Do you go to the dungeon?


Zakhara month names:

  • Taraq
  • Masta
  • Magarib
  • Gammam
  • Mihla
  • Qawafil
  • Holy day of Ahad
  • Holy day of Atnen
  • Holy day of Salas
  • Holy day of Arba
  • Holy day of Yasad
  • Safa
  • Dar
  • Riyah
  • Nau
  • Rahat
  • Saris

Months have 30 days, and the five holy days don't have any months, they just come after 30th of Qawafil and before 1st of Safa.

Första taraq börjar året,
nästa masta kommer näst.
Magarib, gamman har knopp i håret,
Mihla, qawafil blommar mest.
Safa, dar och riyah,
härlig sommar är det då.
Men nau och rahat
och saris är så grå.

#boatmode Session Zero

The party is

  • Jalara abd-Jamil, a bugbear corsair
  • Djut, a goblin corsair
  • Keeze, a goblin sa’luk
  • Na’im al-Qadib, an air genasi flamewind sorcerer

Everyone has a shared goal: to get onboard a ship by capturing the Sea Ghost. Unfortunately they don’t really know much about that ship.

The two corsairs also want revenge on the pirates on Sunless Island.

Keeze and Na’im have a shared past… that they don’t know about. They’ve both suffered memory loss. They used to be level 12 characters with some kind of relationship – the nature of that relationship is still a mystery – but one of them used a Wish “I wish we had never met” which reset their lifes and wiped their memories. Back to level 1. Back to the old fishing village.

Keezes dagbok

jag vet att jag har minnesluckor men det är ändå inte så konstigt efter alla fester jag varit på och allt man rökt, druckit och testat på där

ta det lugnt?! haha nej det kommer inte hända. måste ju hänga med i svängarna, skvallra, dansa och allt det där… jag är en livsnjutare in i märgen

men… det känns som att jag har varit vassare med kniven och snabbare på fötterna eller att jag borde vara det, en mycket märklig känsla… det känns som deja vu varje gång jag lär mig något nytt!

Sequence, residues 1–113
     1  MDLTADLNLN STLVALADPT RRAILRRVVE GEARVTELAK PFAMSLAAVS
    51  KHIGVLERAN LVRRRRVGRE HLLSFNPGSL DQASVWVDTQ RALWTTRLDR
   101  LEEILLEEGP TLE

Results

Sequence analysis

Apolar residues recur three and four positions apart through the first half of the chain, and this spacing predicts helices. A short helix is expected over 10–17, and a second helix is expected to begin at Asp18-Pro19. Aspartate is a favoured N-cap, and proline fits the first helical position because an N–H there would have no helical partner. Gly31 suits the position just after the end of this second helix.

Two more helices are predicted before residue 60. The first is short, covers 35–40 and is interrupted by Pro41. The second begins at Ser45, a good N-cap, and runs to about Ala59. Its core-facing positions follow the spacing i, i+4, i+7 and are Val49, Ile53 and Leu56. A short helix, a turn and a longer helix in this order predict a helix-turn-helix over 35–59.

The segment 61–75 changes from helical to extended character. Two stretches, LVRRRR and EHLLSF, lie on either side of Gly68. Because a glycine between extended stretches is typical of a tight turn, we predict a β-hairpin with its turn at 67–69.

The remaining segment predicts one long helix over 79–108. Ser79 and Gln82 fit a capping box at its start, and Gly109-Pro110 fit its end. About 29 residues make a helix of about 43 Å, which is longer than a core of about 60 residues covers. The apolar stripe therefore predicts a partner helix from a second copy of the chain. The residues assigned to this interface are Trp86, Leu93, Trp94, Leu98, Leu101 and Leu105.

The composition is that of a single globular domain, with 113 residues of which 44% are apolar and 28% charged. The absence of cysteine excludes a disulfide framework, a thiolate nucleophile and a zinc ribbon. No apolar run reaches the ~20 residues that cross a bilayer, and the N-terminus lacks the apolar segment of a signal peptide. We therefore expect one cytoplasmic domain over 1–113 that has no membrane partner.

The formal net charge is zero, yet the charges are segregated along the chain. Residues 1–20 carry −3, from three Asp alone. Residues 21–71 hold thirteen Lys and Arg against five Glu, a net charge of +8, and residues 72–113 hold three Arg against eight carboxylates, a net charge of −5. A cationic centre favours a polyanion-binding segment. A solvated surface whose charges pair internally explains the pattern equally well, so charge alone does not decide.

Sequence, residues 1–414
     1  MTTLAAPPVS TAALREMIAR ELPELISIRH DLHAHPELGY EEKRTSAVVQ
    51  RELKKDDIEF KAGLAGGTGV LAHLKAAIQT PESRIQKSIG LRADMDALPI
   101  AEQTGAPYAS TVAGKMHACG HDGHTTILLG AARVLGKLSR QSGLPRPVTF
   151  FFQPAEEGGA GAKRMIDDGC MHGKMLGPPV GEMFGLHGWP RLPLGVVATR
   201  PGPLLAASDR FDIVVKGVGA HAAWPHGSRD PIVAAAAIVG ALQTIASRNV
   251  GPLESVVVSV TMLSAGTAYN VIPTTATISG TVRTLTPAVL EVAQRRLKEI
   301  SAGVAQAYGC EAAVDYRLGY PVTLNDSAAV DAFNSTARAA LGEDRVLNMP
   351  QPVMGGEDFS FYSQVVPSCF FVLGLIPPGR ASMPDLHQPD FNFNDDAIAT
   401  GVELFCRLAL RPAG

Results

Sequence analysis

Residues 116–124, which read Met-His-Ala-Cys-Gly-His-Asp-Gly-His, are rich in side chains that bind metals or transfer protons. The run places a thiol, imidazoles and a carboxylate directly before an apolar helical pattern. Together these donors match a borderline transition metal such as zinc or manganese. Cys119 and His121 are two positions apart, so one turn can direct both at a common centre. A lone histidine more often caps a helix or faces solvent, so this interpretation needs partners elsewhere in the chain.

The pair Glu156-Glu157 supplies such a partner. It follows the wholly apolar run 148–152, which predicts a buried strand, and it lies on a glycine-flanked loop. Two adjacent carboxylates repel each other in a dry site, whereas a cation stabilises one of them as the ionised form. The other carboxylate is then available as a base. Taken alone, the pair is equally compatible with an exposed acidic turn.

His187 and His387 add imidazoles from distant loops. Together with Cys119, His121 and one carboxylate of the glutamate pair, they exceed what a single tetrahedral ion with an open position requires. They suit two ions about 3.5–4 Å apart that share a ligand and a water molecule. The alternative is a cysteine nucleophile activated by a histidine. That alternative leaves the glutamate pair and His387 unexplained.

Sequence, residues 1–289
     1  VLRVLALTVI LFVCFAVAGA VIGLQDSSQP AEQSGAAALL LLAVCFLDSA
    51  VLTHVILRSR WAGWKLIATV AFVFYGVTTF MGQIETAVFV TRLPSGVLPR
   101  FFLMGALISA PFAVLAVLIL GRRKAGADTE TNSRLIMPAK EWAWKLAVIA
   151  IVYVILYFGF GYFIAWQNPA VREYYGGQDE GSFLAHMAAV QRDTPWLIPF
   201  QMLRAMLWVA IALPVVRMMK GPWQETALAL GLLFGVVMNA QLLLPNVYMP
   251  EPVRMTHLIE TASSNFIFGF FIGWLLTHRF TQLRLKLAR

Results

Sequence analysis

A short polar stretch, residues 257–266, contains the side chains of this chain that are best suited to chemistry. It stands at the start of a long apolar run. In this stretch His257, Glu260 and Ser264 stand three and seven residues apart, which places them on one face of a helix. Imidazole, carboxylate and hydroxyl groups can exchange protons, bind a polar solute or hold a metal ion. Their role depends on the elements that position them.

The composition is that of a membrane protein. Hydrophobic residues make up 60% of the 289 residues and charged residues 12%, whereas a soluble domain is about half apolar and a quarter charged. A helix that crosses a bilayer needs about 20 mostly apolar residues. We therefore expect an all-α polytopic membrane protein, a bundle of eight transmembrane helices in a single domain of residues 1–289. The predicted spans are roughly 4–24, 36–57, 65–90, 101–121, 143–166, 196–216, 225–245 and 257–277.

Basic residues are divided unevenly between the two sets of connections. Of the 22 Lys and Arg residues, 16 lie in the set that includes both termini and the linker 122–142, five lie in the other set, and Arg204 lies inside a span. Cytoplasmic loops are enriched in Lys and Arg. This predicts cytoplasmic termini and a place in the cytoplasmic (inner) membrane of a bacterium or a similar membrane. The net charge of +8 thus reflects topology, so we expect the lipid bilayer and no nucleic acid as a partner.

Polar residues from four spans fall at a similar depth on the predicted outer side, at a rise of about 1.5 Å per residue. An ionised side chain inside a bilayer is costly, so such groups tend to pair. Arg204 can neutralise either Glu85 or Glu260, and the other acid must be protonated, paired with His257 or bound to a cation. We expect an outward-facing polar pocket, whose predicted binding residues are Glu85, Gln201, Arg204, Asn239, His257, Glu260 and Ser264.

fast jag kommer mycket väl ihåg mitt kall och uppgift här i livet… ja även vi tjuvar har vår heder och mästare som ger oss uppgifter ibland

jag kommer också ihåg mina drömmar om att en dag grunda en stad för alla tjuvar, tiggare, gatubarn, rövare och andra på samhällets botten

som en ny Hawa ungefär… jag har varit där en gång, det minns jag, ett fantastiskt ställe!

och givetvis kommer det finnas plats för ett rejält bibliotek för vad vore en fest utan er magikers fyverkerier och konster?

men först måste vi hitta ett lämpligt ställe att grunda en stad på och för att göra det så behöver vi en bra båt

Previous months

Magarib 1–2

The Tale of the Soul Dagger

Acererak created the dagger from a shard of the soul monger, a magical skullgem, a ring of intelligence, smoke of his breath, and the heart of a dragonborn, and the stone itself is in fact a fragment of his own life.

The dagger is made from the soul of a living natural creature, and it cannot be healed from the death of a living creature. The soul in question is the mishap of a living creature, and the dagger is the destruction of a living creature. The dagger is never killed, as it is a living creature, and the destruction of the mishap is always the death of the living creature.

The dagger can be used as a weapon, as a tool, or an ordinary dagger.

When al-Bek, the Kahin, ordered Sir Bradford to destroy the dagger, the ghosts inside were restored from the evil forms Acererak had turned them into and their souls found peace among the planes.